“By divers practices. The common thing is to bind the victim to a tree and begin by cutting off one finger and toe at a time, then the hands, feet, arms, legs at each joint, until only the trunk remains. The flow of blood is each time stanched by searing the wound with fiery coals. Near the end they flay the flesh from the head and place more embers like a cap on the head. If his heart is still alive they cut it from his breast.”
“A fiendish horror,” Browne said and shook his head.
“More so for anyone awaiting similar treatment, who must watch and hear the screams of the victim, whose songs increase the next victim's terror.”
Browne grew silent. The old poet's melodious chant flowed into the night. Browne recalled what he had been told of Boston and the southerly reaches of New England during the Pequod wars, a limited uprising the English had been able to beat down.
It seemed to him at the moment an historical eccentricity rather than a prophecy of the relations between the light and dark races. They cooperated in a trade now that the English were extending to the marketplaces of the world, a vast market, Browne believed, that could only grow in size and stability.
But Shaw's words recalled for him stray images of the old war. A man had once described for Browne the conditions of vigilance in the dank, gray-clouded Boston of late August, 1637. He saw again the smoke blowing about the town where grim, armed men received and displayed the gruesome trophies of war sent by friendly tribes and British excursions: the wampum, the squaws, the blood-clotted heads and hands of Pequod chiefs and warriors. And these sights and odors of war had stirred men to greater religious fervors, the trials and banishments resulting from the Antinomian controversy. Fast upon Shaw's talk of savage mutilations, Browne could not help recalling the descriptions of similar grotesque tortures matched back and forth between the English and the Pequod.
The night pressed in from behind him and millions of orange sparks leaped from the fire toward white stars. The only sound above the rush of the fire was the old poet's music.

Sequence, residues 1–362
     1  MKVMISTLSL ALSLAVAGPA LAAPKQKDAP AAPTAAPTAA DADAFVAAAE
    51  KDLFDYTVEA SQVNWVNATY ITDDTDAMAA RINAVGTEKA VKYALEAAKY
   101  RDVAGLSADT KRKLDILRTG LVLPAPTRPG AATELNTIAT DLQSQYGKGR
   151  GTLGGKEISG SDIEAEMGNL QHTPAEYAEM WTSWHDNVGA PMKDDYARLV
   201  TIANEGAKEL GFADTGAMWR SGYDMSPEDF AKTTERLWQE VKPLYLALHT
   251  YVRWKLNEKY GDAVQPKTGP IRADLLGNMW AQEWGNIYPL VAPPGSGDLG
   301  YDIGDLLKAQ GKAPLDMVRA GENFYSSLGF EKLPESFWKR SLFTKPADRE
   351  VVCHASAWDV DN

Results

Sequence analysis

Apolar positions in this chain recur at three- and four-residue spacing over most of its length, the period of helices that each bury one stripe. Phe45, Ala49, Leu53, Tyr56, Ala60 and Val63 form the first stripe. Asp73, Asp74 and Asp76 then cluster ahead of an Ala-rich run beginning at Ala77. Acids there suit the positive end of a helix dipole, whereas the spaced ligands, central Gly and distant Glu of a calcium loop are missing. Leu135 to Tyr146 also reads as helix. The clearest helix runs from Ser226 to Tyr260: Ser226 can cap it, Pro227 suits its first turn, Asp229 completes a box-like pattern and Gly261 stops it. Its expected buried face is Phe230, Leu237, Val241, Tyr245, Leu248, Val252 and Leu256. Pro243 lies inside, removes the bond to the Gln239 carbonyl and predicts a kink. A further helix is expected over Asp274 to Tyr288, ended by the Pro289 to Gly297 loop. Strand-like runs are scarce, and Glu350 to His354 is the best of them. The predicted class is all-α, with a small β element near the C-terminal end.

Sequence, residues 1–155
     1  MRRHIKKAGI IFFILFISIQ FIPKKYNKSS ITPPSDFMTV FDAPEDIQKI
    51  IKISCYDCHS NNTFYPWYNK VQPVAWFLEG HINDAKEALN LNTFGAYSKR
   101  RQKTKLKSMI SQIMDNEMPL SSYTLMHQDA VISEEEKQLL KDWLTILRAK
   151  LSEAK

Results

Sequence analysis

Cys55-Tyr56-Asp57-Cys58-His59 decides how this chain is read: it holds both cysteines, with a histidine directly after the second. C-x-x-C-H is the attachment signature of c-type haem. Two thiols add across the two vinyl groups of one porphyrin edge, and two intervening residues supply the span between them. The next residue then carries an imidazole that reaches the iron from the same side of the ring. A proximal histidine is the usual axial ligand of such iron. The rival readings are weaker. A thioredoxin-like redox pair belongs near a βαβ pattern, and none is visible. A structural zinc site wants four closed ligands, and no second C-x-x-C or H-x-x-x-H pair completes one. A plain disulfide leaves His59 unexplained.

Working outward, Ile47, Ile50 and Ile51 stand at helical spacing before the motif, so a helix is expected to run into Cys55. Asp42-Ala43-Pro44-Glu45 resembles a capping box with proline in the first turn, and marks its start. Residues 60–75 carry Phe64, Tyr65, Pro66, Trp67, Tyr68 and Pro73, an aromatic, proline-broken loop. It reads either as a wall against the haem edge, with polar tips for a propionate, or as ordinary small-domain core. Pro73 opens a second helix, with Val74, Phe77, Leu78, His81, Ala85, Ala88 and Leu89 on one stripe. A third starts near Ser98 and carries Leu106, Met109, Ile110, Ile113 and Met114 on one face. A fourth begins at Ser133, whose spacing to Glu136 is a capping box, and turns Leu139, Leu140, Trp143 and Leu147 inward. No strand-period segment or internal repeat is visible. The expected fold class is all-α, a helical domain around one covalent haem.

The next morning the two Englishmen were shown into a wigwam where they met an Indian seated alone on a heap of animal skins. The Indian rose and embraced Shaw, then, at first in slightly hesitant English, asked his visitors to sit before him.
Browne soon realized that the man before him must be Higgins himself despite the greased and dyed flesh, the savage's clothing and hair.
In the course of early conversation, Browne also came to understand that there was some mild restriction placed upon Higgins at the moment, some discipline he was enduring, for he was required to reside and eat alone, and to avoid close contact with women. He joined the savages, however, in their daily work and entertainments, treated, it seemed in this sense at least, as a member of their community.
Higgins asked questions about the plantation and the condition of his family, and Shaw offered detailed answers. Yet Higgins showed some uncertainty toward Browne. It was not, to Browne's surprise, any particular anger over Shaw having broken his oath of secrecy. Higgins seemed to understand that Browne wished to help his family, seemed to accept Browne's arrival as some necessity in the unfolding of events. But there was a tail of suspicion, an animal watchfulness in the darkened face and steady eyes.
When his questions revealed nothing new about the
circumstances of Kathrin Coffin's death, Browne suddenly turned to the question of necromancy. What, Browne asked, was the role of Tantpasiquineo in all this?
“I met him, as the sachem, two years ago,” Higgins answered, “while trading with Darby here. We saw that he was a powerful man. So we worked through him our trading. We made sure the others we traded with knew we were trading under his care.”
“With much success. We kept our trade honest. Darby could tell you the wealth he has put aside. I too was seeing my way to such gain in the fur trade when Mistress Coffin met her end. No one knows what we gained in trade but ourselves. There is wealth to be taken here, Mr. Browne, if one knows the ways of this New World.”
“I don't doubt it. But what of Tantpasiquineo?”